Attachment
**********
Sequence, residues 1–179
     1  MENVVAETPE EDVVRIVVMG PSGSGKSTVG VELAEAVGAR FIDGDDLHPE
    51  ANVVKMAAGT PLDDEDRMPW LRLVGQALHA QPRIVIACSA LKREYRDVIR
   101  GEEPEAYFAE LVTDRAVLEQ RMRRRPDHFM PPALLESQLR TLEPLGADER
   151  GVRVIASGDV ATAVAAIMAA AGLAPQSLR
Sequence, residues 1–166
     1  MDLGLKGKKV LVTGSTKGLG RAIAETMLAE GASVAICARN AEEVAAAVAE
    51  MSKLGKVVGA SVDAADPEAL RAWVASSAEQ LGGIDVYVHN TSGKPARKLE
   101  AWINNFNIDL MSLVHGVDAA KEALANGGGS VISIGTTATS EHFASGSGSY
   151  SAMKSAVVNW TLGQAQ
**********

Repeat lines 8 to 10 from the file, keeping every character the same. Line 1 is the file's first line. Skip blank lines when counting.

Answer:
    51  MSKLGKVVGA SVDAADPEAL RAWVASSAEQ LGGIDVYVHN TSGKPARKLE
   101  AWINNFNIDL MSLVHGVDAA KEALANGGGS VISIGTTATS EHFASGSGSY
   151  SAMKSAVVNW TLGQAQ